America’s two biggest mall developers are keeping their shopping centers open on Thanksgiving Day: Simon Property Group told Fortune that most of its properties nationwide will open at 6pm on Thanksgiving, and rival General Growth Properties also said its malls would be open on the holiday.
While several retailers will host Thanksgiving Day hours (Macy’s is going so far as opening even earlier this year), several retailers and regional mall operator CBL & Associates Properties have made a point of closing on the holiday, while outdoor retailer REI has taken that a step further to close on Black Friday as well.
Malls are struggling to drive customer traffic and boost revenues: Many observers expect a third or more of malls in the U.S. to close as the market corrects for both an overbuilt environment and the toll taken by online commerce.
Simon and GGP in past years have faced protests from consumers and employees for sullying the Thanksgiving holiday with retail. The move to stay open is curious and possibly desperate: Research has consistently shown that Black Friday weekend sales don’t budget much no matter the days that retailers are open, and much of the shopping that Americans do that weekend is increasingly accomplished online anyway.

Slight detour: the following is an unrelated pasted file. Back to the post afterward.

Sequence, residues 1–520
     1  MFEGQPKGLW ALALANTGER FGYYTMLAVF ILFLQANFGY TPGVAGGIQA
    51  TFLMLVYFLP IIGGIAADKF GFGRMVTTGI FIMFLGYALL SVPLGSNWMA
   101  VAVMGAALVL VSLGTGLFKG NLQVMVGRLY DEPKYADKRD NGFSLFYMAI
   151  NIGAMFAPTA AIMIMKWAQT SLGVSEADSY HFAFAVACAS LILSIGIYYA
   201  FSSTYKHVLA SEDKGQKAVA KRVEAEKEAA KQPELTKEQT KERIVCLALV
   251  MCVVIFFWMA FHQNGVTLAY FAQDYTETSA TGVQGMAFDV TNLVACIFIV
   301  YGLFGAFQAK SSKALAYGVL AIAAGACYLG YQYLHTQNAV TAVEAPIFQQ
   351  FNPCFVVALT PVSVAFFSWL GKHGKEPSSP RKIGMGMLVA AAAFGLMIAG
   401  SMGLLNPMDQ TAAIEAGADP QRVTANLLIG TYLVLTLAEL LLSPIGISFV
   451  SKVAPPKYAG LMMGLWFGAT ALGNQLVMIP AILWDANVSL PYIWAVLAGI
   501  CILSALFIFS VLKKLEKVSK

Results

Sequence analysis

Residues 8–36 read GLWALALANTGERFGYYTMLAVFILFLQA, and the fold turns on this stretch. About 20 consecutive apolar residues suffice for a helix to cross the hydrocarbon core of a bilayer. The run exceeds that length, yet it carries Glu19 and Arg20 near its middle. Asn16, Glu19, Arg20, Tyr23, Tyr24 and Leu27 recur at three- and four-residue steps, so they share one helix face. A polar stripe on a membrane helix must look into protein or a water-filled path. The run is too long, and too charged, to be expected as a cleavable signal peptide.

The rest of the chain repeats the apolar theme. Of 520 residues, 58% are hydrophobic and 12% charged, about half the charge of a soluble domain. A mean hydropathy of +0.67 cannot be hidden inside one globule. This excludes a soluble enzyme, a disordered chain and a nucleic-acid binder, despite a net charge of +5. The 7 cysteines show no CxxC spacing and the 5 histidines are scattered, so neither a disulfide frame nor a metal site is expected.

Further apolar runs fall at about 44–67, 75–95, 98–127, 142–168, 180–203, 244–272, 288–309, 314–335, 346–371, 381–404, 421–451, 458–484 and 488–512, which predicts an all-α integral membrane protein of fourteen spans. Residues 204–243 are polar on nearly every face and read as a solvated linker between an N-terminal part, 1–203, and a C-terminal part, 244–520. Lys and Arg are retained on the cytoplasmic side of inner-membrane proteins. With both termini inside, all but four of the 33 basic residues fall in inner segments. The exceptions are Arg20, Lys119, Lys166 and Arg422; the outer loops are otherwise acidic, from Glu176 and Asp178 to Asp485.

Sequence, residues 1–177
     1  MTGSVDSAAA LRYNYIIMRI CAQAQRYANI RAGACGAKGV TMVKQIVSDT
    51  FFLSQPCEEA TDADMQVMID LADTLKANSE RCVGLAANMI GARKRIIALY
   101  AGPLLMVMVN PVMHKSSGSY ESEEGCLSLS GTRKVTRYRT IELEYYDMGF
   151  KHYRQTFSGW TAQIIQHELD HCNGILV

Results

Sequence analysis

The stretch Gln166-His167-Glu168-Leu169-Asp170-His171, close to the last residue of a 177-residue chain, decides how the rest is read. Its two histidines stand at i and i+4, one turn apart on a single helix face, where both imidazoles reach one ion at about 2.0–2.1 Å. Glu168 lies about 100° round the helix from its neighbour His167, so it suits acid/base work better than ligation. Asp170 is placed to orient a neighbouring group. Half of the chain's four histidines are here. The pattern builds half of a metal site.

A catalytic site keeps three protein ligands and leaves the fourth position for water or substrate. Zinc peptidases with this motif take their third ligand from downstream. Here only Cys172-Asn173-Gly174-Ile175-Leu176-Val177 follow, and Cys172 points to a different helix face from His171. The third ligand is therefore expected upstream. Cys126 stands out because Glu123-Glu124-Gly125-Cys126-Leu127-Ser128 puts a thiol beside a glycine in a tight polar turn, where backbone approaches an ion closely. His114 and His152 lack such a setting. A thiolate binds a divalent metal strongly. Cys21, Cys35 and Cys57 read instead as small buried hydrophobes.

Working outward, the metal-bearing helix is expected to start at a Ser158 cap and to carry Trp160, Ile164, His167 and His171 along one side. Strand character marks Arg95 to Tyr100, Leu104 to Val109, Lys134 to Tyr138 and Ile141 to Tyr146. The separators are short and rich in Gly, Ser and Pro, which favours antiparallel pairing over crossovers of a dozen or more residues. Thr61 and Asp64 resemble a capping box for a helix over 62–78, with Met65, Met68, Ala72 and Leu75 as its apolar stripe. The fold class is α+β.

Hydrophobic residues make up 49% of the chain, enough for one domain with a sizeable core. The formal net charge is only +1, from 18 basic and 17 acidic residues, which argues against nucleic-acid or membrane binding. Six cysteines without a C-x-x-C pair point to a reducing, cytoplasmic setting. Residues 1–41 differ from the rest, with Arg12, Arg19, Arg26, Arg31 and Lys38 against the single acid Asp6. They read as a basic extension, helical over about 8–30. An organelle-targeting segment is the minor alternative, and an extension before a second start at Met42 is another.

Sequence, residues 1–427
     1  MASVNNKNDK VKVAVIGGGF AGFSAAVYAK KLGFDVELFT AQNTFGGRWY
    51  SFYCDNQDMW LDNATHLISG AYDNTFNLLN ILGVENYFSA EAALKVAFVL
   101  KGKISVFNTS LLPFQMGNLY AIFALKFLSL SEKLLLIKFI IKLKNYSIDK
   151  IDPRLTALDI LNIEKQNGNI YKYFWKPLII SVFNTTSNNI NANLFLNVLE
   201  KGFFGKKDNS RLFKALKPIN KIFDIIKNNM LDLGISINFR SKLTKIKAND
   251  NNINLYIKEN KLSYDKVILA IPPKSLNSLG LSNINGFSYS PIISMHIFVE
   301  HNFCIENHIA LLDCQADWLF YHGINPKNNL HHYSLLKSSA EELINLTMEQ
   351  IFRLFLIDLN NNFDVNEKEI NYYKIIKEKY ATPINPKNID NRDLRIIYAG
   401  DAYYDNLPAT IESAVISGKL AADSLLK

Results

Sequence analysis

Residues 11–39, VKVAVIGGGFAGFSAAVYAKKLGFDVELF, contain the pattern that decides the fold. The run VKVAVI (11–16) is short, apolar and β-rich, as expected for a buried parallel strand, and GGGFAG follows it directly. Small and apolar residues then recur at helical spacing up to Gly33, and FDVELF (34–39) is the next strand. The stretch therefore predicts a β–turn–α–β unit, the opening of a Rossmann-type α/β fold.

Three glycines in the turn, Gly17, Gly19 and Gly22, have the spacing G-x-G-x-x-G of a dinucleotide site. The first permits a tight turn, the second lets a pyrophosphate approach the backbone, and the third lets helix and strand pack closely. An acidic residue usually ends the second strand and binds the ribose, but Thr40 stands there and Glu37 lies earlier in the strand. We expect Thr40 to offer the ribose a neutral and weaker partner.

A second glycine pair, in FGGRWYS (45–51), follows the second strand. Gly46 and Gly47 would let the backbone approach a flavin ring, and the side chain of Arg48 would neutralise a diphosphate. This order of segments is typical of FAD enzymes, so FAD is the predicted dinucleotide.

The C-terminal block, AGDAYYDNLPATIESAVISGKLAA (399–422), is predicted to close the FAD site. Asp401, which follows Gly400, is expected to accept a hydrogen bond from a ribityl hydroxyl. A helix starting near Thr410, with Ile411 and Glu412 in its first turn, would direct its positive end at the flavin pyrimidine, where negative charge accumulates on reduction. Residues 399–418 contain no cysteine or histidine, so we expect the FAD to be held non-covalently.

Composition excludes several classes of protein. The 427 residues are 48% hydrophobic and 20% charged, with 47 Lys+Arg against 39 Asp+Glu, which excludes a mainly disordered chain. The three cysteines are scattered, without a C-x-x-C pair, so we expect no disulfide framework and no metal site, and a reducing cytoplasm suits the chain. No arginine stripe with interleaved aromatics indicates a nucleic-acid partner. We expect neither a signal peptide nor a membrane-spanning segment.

It’s not clear that the retailers and malls staying open have truly figured out that opening on Thanksgiving is worth the inevitable backlash — live protests and criticism on social media have already begun for stores and malls planning to open on Thanksgiving, while the Mall of America and the retailers planning to stay shuttered have drawn praise.
Executives from the Mall of America, the country’s largest mall, said earlier this month that it has crunched the numbers and decided that opening wasn’t worth it. “We’ve been talking about this for months, looking at the numbers, looking at the pros and the cons,” Jill Renslow, the mall’s senior vice president of marketing and business development, told the Minneapolis Star-Tribune. “We’re excited to give this day back to our employees so they can celebrate with their families.”
But while there are plenty of objections to the idea, the fact is that many consumers do show up to shop on Thanksgiving. According to a survey conducted by shopping resource BestBlackFriday.com, more than a quarter of U.S. consumers said that they would shop in stores on Thanksgiving Day, while 14% said they would shop online only.
This story is part of our ongoing coverage of the 2016 holiday shopping season. You can browse our holiday page for more stories.